Greater Exposure to Leaders

When you are abroad, many times it’s the outstanding performance a PR pro demonstrates in a “non-traditional” moment or business situation that leads to recognition by senior management and clients. Moreover, the chances are greater that you’ll be exposed to higher-ups simply because you are outside home turf. If your CEO travels to New York, there may be 500 people fighting for his or her attention. But in Bangkok, you may be one of just a handful of key leaders making a difference for the company in that market.

Likewise, it is not uncommon for a mid-level manager to counsel and escort traveling political leaders, members of the C-suite and even client CEOs when they are on an international tour. You can’t beat that exposure!

However, while it may sound glamorous working in and traveling to far-flung and exotic places around the world, touring historic sights and seeing things worthy of a National Geographic documentary, it’s also tough, demanding and at times lonely. You must learn to do many new things, unlearn things that have become second nature, and perform at the top of your game in a strange environment. Most professionals who’ve worked overseas admit that it was one of the most difficult things they have ever done. But that also makes it one of the biggest confidence builders around.

Getting That Extraordinary Assignment

So, how can you land one of these extraordinary assignments? Here’s our list of 10 ways to increase your odds of landing a coveted overseas posting. They’ve been honed over decades of our collective international experience:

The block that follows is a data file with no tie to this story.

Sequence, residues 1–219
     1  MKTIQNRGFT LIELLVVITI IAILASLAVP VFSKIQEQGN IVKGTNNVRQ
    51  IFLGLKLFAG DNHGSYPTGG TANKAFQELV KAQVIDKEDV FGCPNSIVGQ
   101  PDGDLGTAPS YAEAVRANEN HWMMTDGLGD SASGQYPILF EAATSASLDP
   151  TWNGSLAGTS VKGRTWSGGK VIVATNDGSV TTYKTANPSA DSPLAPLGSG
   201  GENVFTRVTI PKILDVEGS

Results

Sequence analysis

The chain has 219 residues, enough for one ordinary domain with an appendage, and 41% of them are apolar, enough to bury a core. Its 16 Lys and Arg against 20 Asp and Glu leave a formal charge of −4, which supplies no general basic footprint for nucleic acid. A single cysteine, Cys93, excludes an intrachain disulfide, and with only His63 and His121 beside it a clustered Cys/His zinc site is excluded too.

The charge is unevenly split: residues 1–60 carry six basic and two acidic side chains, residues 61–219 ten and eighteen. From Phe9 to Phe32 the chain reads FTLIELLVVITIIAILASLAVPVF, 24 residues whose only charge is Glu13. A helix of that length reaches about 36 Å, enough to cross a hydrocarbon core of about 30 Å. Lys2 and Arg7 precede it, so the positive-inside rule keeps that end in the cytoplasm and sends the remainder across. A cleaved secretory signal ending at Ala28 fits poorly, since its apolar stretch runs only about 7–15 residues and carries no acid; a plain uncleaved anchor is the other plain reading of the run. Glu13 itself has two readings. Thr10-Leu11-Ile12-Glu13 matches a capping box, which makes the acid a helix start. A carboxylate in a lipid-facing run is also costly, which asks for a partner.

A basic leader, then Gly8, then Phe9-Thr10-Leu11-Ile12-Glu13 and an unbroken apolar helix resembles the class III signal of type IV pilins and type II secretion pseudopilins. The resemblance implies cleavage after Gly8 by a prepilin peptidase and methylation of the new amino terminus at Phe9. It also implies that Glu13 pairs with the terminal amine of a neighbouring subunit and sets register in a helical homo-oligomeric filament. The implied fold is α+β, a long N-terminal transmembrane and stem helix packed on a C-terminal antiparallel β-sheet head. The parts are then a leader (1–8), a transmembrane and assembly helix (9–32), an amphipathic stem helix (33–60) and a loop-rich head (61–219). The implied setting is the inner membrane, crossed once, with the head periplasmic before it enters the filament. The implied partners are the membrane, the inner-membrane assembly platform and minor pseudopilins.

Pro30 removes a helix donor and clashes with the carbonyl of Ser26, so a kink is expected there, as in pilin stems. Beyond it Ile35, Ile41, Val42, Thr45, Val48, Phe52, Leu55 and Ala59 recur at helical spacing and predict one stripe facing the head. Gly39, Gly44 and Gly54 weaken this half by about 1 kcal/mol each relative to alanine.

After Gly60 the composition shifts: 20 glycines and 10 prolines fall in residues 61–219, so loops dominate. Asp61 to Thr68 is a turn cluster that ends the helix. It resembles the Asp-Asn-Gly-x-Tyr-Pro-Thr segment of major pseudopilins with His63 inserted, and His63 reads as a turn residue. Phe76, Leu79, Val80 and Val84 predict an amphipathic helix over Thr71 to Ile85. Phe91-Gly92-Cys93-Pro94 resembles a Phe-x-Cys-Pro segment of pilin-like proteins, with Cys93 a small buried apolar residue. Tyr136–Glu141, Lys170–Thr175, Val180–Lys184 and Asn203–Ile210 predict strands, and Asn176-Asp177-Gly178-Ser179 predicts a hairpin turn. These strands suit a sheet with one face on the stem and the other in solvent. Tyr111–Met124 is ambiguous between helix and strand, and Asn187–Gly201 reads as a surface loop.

1. Perform your current job flawlessly.
2. Make your international desires known.
3. Find a mentor to advocate for you.
4. Learn or practice a foreign language.
5. Research the countries you’d like to work in and be flexible enough to ensure a match between what you want and what the company needs
6. Demonstrate your cultural awareness of these countries.
7. Point out ways you can make a difference for your company overseas.
8. Package yourself and your accomplishments.
9. Volunteer for special projects that involve international work.
10. And if you still aren’t having any luck, move yourself.

Finally, know that no two experiences are alike and so going global is never predictable…but if you’re even the slightest bit interested, check into it. We bet it will be one of the smartest things you ever did for your career.



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The Author

Perry Yeatman

Perry Yeatman is Senior Vice President, International Corporate Affairs and Global Issues Management, Kraft Foods, Inc.

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Stacie Nevadomski Berdan

Stacie Nevadomski Berdan is a marketing consultant specializing in international and women’s issues.